Stories tagged glaciers

Oct
15
2010

I'm watching you...: No, not you, JGordon. Get over yourself.
I'm watching you...: No, not you, JGordon. Get over yourself.Courtesy NOAA Photo Library
I always assumed that I was under near-constant supervision by government satellites. I figured that because satellites can’t really see me inside stores (where I do all my shoplifting), they’d be making up for lost time by watching me put stolen clothing on the dog (in the yard) and having my bubble baths (near a window).

At first it was creepy … but then it was sort of comforting. Like a nightlight. A nightlight that’s always looking at you.

Well, it turns out that my privacy may actually be pretty low on NASA’s list of priorities.

See, a new online system was just launched in the capital of Nepal, Kathmandu, which should allow scientists and concerned organizations access to images from NASA satellites. Cool, I thought. I’ll get a fancy new hat. But, no, it just so happens that the images aren’t of me relaxing on the roof, or of me washing my car in carwash-appropriate clothing—they’re images of the Himalayas, and the massive glaciers they hold.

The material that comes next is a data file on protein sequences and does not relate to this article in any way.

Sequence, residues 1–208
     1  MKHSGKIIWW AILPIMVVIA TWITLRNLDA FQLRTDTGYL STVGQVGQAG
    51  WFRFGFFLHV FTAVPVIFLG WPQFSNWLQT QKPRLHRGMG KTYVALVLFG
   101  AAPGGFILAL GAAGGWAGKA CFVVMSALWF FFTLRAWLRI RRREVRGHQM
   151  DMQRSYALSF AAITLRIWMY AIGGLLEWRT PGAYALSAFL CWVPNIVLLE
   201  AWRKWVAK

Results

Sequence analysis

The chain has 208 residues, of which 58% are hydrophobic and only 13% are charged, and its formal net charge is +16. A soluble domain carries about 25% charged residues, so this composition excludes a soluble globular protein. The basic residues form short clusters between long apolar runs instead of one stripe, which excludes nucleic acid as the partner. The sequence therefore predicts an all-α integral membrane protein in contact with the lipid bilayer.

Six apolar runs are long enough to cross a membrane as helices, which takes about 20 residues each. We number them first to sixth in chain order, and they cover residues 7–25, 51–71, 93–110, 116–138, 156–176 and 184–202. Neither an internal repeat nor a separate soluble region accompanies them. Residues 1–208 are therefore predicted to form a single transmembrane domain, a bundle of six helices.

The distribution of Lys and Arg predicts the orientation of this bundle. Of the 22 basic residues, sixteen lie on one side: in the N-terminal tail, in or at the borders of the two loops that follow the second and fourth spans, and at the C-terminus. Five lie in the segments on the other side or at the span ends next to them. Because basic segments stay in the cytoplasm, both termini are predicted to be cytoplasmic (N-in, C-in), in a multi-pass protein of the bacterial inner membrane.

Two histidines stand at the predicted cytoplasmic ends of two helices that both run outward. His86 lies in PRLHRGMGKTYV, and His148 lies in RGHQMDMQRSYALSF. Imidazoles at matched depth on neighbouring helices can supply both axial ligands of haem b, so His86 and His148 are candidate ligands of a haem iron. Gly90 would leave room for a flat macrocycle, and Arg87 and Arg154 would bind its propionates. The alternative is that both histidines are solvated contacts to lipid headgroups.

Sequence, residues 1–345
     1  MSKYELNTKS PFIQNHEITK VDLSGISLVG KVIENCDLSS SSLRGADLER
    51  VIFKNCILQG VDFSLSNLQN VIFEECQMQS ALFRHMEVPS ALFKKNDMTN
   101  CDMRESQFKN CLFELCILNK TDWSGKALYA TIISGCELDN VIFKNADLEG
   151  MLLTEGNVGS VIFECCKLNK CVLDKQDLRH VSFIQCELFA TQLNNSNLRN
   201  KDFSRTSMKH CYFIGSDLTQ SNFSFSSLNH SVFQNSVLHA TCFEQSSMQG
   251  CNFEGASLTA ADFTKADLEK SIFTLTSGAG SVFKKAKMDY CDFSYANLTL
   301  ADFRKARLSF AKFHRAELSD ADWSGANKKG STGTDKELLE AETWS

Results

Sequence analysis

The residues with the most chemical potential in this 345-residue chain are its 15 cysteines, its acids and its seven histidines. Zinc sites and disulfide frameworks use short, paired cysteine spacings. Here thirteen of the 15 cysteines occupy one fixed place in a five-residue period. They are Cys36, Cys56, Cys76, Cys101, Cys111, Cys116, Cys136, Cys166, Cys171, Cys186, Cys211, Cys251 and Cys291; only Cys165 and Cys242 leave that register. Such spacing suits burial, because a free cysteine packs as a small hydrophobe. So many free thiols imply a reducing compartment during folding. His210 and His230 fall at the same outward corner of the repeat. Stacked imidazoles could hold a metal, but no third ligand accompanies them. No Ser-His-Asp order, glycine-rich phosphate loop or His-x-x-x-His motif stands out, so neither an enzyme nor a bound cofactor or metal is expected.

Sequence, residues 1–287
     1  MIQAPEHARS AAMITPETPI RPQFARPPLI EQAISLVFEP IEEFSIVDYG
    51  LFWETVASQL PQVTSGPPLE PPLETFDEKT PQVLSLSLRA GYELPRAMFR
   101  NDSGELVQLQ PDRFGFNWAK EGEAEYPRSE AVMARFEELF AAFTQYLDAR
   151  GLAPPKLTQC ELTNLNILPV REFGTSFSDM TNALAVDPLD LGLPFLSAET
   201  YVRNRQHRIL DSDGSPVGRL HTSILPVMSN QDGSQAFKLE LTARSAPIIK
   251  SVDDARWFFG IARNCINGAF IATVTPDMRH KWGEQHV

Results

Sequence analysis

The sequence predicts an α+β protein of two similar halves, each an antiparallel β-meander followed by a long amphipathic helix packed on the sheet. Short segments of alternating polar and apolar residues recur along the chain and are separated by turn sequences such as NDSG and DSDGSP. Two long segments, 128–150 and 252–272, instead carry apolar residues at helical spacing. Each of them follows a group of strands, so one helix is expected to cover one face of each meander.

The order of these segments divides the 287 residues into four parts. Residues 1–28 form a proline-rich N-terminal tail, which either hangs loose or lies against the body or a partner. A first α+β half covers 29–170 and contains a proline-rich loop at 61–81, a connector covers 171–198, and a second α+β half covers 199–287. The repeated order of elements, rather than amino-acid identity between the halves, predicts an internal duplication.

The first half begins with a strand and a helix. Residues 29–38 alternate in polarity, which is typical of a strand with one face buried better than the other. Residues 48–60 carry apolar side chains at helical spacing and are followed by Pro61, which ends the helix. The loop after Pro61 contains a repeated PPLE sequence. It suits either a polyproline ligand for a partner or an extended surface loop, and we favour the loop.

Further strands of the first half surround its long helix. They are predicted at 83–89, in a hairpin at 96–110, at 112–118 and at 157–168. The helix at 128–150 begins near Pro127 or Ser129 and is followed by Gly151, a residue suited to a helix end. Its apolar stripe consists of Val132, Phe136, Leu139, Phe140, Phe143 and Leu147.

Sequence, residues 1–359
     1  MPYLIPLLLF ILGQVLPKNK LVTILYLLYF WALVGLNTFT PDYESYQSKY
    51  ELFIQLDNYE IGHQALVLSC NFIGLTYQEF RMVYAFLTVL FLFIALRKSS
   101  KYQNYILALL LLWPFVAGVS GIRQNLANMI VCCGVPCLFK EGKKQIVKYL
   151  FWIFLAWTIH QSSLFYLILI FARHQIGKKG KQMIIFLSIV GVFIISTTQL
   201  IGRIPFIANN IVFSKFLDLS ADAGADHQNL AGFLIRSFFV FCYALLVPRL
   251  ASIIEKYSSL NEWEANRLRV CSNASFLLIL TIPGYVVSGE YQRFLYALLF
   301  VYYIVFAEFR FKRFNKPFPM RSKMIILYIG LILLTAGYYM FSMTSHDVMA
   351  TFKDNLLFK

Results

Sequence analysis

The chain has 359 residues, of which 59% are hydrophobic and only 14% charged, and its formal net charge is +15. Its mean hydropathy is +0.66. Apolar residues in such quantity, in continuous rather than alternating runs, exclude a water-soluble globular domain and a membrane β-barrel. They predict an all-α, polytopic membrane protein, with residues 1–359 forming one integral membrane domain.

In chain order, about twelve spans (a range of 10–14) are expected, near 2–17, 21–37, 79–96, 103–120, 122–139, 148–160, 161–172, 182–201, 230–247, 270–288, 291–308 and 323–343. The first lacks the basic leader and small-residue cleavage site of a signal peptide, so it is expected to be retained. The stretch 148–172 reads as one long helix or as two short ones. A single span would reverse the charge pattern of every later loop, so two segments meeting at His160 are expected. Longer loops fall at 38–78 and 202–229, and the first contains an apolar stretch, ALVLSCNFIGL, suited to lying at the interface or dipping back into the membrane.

I wouldn’t say that I’m “devastated,” exactly. But I am crushed. I thought we—NASA and I—had something. I mean, yes, those images are recorded and distributed to track the effects of climate change on Himalayan glaciers, and, yes, the glaciers appear to be shrinking at an alarming rate, and, yes, more than a billion people depend on the water released by those glaciers, but … what about my feelings?

Hopefully, the data provided by the satellites will help the people in vast regions of Asia to prepare for floods and, perhaps eventually, severe shortages of fresh water.

In the meantime… I guess I’ll just hide some nanny-cams around the house. To feel looked after, you know?

[It's Blog Action Day 2010, and this year's theme is water.]

The Extreme Ice Survey is a really fascinating project that documents melting glaciers using time-lapse photography. Check out their videos--the changes they've documented in just a few years are a bit scary!
(P.S. It's also a great complement to our current photo exhibit Double Exposure.)

Jun
30
2010

Double Exposure: A new photo exhibit at SMM!